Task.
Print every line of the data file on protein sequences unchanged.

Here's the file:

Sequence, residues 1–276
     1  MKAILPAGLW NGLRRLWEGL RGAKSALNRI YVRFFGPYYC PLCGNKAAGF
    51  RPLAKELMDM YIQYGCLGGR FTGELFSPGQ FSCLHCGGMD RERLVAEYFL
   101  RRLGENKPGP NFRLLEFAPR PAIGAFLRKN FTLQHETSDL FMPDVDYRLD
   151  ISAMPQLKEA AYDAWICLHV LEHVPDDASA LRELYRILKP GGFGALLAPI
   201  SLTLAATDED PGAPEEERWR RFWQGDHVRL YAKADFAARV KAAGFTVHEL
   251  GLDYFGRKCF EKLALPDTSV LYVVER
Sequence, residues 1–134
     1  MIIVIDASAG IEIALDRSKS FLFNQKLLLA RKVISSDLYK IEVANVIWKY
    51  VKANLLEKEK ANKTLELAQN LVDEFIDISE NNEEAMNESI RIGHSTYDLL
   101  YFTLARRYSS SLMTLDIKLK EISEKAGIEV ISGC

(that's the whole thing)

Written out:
Sequence, residues 1–276
     1  MKAILPAGLW NGLRRLWEGL RGAKSALNRI YVRFFGPYYC PLCGNKAAGF
    51  RPLAKELMDM YIQYGCLGGR FTGELFSPGQ FSCLHCGGMD RERLVAEYFL
   101  RRLGENKPGP NFRLLEFAPR PAIGAFLRKN FTLQHETSDL FMPDVDYRLD
   151  ISAMPQLKEA AYDAWICLHV LEHVPDDASA LRELYRILKP GGFGALLAPI
   201  SLTLAATDED PGAPEEERWR RFWQGDHVRL YAKADFAARV KAAGFTVHEL
   251  GLDYFGRKCF EKLALPDTSV LYVVER
Sequence, residues 1–134
     1  MIIVIDASAG IEIALDRSKS FLFNQKLLLA RKVISSDLYK IEVANVIWKY
    51  VKANLLEKEK ANKTLELAQN LVDEFIDISE NNEEAMNESI RIGHSTYDLL
   101  YFTLARRYSS SLMTLDIKLK EISEKAGIEV ISGC